After Sinai, Moses abstained from marital relations in order to constantly be in a state of purity, to be able to receive prophecy. Although it was Moses' idea, God agreed, as implied by the words, "The people shall return to their tents, however you remain with me" (Deut. 5:27; Talmud Shabbat). This arrangement was unknown to anyone except Moses' wife Tzipporah, who was under the impression that all great prophets acted likewise.

When Eldad and Medad prophesied, Tzipporah remarked to her sister-in-law Miriam: "I feel bad for their wives, who will be alone as I am." Miriam was shocked at what seemed to be Moses' unfair treatment of his spouse, and Miriam said to her brother Aaron: "Who does Moses think he is? After all, we are also prophets and don't abstain from our spouses! Even the patriarchs and matriarchs who were certainly prophets did not abstain!"

Just at that moment, God appeared to all three siblings, instructing them to appear before Him to receive prophecy. Since Aaron and Miriam had been intimate with their spouses, they now had to run quickly to the Mikveh (ritual bath). This was to impress upon them the validity of Moses' decision, based on his speaking to the Almighty on a daily basis.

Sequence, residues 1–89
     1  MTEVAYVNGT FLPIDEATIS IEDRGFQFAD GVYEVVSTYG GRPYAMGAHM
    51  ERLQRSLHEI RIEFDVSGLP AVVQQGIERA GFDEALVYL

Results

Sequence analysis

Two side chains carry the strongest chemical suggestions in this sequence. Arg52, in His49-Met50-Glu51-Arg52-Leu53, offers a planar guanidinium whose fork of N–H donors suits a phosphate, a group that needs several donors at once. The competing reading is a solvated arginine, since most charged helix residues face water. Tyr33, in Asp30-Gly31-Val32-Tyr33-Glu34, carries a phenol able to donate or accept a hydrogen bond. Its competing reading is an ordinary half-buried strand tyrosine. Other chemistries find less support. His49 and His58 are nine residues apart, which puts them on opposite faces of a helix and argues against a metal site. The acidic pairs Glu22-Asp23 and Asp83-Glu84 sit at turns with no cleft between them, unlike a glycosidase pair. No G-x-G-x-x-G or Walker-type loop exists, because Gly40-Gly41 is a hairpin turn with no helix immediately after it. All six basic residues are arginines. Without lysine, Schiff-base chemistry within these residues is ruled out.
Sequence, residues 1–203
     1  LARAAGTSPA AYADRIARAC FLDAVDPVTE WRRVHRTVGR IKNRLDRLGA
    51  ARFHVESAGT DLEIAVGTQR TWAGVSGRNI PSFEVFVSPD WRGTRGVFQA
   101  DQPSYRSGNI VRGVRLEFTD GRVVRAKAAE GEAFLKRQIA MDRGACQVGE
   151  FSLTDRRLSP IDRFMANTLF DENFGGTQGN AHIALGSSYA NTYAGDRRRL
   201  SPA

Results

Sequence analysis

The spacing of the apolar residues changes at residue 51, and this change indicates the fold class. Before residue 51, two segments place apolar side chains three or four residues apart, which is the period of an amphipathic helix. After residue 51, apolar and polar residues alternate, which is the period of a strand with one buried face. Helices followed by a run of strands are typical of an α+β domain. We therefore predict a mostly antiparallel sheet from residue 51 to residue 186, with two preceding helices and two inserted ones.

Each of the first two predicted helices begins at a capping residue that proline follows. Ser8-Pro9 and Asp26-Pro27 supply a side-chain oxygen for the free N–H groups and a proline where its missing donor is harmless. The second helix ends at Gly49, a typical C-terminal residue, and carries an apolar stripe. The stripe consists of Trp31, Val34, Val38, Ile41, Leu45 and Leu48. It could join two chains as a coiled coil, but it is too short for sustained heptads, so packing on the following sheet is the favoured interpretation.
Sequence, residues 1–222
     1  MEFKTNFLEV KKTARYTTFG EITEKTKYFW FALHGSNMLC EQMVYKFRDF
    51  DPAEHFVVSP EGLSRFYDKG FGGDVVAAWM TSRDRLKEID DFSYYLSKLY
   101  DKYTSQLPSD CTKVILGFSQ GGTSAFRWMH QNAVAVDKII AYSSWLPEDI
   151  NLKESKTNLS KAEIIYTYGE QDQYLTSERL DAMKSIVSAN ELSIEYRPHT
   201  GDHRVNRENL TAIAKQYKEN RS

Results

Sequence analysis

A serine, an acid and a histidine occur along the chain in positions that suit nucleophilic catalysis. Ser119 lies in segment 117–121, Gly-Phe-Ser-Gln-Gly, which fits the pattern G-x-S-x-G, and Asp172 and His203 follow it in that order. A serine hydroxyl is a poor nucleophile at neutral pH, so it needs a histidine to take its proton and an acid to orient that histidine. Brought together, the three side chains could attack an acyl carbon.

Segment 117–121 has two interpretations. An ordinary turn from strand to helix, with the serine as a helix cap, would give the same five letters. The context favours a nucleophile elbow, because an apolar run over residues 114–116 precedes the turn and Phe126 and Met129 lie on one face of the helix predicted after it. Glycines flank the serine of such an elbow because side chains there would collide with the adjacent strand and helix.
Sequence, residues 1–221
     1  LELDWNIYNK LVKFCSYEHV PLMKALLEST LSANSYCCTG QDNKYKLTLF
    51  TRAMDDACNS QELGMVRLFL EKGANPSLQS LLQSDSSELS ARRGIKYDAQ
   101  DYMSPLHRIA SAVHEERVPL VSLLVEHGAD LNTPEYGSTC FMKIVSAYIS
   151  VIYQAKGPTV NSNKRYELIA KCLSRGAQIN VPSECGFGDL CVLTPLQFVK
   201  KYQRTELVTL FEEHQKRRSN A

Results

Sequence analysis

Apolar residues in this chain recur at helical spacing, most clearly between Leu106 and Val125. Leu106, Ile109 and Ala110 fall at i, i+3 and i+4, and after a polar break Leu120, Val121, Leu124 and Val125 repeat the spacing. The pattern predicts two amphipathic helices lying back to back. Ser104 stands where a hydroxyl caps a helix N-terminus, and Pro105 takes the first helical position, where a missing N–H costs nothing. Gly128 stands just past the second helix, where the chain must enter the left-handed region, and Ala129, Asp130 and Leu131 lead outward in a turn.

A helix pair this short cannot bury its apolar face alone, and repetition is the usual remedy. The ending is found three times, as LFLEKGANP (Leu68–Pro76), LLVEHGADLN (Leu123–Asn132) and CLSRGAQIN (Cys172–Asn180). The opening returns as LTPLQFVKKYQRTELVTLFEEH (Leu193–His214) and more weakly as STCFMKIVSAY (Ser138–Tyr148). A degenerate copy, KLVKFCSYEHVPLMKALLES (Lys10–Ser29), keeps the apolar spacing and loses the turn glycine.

When Miriam and Aaron were alone, God let them have it: "How dare you compare your level of prophecy to that of Moses! Since he brought down the Torah, he is the greatest prophet that will ever live, and therefore must be always prepared to receive prophecy."

When God's presence left, Miriam was leprous as snow and had to spend a week alone outside of the camp. The people waited for her patiently, as she once waited for her baby brother Moses at the banks of the Nile River.

Moses says a short prayer for Miriam and she gets well. There is a special Mitzvah to remember the sin and punishment of Miriam (see Deut. 24:9).

The Midrash comments that Miriam (1) had good intentions, (2) only told her very humble brother, and (3) the victim didn't mind. Yet she still received a severe punishment. Then certainly we, who speak gossip without good intentions, "Oy, are we in trouble!"